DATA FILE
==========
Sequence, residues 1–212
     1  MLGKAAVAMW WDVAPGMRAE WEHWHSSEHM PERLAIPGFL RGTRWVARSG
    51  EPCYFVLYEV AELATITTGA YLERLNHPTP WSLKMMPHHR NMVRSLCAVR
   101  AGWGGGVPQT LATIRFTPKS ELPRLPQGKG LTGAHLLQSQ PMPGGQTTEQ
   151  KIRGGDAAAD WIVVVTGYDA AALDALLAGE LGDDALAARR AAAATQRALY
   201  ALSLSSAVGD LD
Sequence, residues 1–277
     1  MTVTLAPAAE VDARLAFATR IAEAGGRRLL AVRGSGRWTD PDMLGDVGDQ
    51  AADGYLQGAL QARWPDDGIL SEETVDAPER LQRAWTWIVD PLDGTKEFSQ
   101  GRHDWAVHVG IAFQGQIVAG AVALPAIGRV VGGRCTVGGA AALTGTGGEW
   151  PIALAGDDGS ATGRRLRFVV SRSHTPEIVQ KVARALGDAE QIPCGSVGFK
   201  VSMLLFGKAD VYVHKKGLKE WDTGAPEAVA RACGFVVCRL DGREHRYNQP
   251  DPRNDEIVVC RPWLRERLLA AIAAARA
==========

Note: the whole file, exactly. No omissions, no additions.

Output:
Sequence, residues 1–212
     1  MLGKAAVAMW WDVAPGMRAE WEHWHSSEHM PERLAIPGFL RGTRWVARSG
    51  EPCYFVLYEV AELATITTGA YLERLNHPTP WSLKMMPHHR NMVRSLCAVR
   101  AGWGGGVPQT LATIRFTPKS ELPRLPQGKG LTGAHLLQSQ PMPGGQTTEQ
   151  KIRGGDAAAD WIVVVTGYDA AALDALLAGE LGDDALAARR AAAATQRALY
   201  ALSLSSAVGD LD
Sequence, residues 1–277
     1  MTVTLAPAAE VDARLAFATR IAEAGGRRLL AVRGSGRWTD PDMLGDVGDQ
    51  AADGYLQGAL QARWPDDGIL SEETVDAPER LQRAWTWIVD PLDGTKEFSQ
   101  GRHDWAVHVG IAFQGQIVAG AVALPAIGRV VGGRCTVGGA AALTGTGGEW
   151  PIALAGDDGS ATGRRLRFVV SRSHTPEIVQ KVARALGDAE QIPCGSVGFK
   201  VSMLLFGKAD VYVHKKGLKE WDTGAPEAVA RACGFVVCRL DGREHRYNQP
   251  DPRNDEIVVC RPWLRERLLA AIAAARA